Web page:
Following a Not Guilty Plea, a judge has ordered Nikola Founder not to contact investors.

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Following a Not Guilty Plea, a judge has ordered Nikola Founder not to contact investors.

On Thursday, at his arraignment hearing, a judge ordered Trevor Milton, the founder and former executive chair of the beleaguered Nikola Corp., not to contact the company’s investors. Milton pleaded not guilty to charges of misleading those investors about his company’s electric and hydrogen-powered truck startup.

After suspicions of fraud appeared, Milton, 39, resigned from Nikola in September. But he pushed back, saying he would defend himself if Nikola was accused of making false claims about the company’s vehicles.

During the epidemic, beginners and those in financial need were among the investors. Milton was charged with securities and wire fraud in an unsealed indictment in federal court in Manhattan.

After pleading not guilty, Milton was released on a $100 million bail, which was paid for by two Utah homes. Magistrate Judge Sarah Netburn ruled that Milton may not contact investors unless he had a separate relationship with them.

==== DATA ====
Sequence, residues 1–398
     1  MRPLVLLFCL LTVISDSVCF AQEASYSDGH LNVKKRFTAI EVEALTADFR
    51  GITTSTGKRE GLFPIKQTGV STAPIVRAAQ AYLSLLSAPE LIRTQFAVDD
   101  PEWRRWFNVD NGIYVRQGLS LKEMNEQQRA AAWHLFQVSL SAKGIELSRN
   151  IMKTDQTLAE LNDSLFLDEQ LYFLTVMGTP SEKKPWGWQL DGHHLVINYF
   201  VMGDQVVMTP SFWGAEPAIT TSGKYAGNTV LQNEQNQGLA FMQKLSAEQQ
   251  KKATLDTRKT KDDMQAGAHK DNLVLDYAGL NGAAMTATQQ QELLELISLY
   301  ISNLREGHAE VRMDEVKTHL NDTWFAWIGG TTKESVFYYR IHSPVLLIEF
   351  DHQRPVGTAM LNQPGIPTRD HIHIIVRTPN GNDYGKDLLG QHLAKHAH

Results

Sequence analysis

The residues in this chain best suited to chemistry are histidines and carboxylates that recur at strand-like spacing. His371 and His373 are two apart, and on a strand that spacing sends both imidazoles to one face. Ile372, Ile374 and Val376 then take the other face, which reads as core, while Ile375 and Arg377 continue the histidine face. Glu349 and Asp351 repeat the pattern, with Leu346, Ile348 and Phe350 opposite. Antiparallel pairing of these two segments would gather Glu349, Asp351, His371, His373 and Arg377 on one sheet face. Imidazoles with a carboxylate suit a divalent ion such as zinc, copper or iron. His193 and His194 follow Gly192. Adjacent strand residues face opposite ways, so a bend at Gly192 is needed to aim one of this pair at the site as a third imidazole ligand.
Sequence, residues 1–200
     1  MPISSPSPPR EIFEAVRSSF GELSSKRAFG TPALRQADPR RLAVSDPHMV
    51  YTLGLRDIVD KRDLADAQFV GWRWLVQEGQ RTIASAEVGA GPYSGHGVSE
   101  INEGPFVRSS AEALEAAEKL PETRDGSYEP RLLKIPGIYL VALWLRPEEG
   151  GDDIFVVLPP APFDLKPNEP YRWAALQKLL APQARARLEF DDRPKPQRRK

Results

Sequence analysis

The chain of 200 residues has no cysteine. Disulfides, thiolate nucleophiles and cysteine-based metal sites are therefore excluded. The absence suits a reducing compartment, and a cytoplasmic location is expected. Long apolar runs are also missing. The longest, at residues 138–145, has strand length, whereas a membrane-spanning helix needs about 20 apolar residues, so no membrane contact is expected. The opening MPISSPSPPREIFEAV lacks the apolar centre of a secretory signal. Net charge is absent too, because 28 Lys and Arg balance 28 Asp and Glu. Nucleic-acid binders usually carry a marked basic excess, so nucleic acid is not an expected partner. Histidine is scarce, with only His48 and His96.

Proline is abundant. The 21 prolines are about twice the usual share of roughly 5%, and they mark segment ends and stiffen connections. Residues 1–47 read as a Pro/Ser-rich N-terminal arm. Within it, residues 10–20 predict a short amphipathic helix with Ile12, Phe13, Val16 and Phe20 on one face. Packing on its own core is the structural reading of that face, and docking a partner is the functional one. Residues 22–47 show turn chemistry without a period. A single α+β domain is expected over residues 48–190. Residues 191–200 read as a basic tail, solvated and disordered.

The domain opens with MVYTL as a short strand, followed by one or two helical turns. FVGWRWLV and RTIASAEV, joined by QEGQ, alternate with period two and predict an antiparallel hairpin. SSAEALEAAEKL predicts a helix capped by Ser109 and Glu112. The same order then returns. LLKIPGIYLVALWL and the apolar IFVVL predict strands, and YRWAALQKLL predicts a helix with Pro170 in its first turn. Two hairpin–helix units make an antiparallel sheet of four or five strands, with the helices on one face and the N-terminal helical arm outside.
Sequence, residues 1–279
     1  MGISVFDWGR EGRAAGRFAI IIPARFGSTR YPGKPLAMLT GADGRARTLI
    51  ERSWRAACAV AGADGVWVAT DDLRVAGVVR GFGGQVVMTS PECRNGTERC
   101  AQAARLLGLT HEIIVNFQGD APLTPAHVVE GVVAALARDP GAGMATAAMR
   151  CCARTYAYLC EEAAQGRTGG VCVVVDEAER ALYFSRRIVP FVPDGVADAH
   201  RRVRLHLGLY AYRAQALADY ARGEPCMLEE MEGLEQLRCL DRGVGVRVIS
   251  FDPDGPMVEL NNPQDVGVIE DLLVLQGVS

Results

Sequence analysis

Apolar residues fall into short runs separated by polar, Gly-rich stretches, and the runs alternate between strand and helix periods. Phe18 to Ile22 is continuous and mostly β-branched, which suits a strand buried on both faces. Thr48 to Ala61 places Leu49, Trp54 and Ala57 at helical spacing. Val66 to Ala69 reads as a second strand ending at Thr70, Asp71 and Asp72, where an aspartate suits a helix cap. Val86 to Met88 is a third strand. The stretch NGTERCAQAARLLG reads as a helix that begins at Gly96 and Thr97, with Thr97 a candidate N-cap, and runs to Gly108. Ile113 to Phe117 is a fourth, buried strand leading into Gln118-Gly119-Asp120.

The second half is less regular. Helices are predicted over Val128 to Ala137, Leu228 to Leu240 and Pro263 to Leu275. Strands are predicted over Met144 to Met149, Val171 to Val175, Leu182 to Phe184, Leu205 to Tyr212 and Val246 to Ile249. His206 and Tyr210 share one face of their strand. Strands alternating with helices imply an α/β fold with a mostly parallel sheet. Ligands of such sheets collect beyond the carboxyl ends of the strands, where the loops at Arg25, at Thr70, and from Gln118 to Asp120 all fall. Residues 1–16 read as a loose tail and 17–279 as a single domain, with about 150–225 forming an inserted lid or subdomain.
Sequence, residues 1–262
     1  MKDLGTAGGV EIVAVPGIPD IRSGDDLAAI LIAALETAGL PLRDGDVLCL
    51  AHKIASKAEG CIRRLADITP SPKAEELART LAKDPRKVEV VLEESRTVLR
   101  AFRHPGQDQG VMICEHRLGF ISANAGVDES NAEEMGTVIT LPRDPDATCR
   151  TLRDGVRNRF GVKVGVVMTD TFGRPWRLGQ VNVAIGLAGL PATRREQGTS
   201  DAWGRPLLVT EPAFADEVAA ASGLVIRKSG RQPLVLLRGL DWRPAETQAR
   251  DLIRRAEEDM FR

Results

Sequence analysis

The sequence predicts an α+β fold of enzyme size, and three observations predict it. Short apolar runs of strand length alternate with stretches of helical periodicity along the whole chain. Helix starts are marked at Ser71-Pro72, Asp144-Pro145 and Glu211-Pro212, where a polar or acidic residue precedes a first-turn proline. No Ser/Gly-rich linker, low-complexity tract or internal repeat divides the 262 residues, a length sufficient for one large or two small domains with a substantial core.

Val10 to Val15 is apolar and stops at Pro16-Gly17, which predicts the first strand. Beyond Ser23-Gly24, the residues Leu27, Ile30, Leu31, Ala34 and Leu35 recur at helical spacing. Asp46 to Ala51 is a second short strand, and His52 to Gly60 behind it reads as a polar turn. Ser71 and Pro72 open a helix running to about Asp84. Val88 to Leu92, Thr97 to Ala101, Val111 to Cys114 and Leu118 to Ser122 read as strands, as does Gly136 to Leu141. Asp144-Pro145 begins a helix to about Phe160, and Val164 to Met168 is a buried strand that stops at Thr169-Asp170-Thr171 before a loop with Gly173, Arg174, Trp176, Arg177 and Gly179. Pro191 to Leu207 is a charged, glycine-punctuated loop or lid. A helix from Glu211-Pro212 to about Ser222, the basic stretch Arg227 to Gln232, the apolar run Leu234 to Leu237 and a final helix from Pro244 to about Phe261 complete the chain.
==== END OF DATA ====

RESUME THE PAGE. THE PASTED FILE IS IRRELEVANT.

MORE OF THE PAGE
See the list below for more Associated Press reporting.

One of Martin’s lawyers, Marc Mukasey, informed the judge that some financial information in the court record would need to be amended, including a claim that some Milton bank accounts held $50 million.

“A lot less than that as we understand it,” Mukasey replied.

Milton, dressed in a suit and purple tie, declined to answer questions as he walked out of the courthouse.

Justice was not served by the government’s action today, but it will be when Mr. Milton is exonerated, according to his lawyers, who released a statement through a spokeswoman.

The case was described as “a new low in the government’s efforts to criminalize lawful corporate action” in the statement. Every American executive should be appalled.”

“Trevor Milton is an entrepreneur with a long-term goal of reducing carbon emissions in the trucking industry to aid the environment. Mr. Milton was wrongly accused as a result of a flawed and inadequate investigation in which the government failed to question key witnesses and overlooked vital evidence,” the statement continued.

Milton “brazenly and repeatedly used social media, as well as appearances and interviews on television, podcasts, and in print, to make false and misleading claims about the status of Nikola’s trucks and technology” from November 2019 to September, according to Manhattan U.S. Attorney Audrey Strauss.

The allegations were “where the rubber meets the road,” she said at a press conference.

Separate filings were made by the Securities and Exchange Commission. This is a condensed version of the information.

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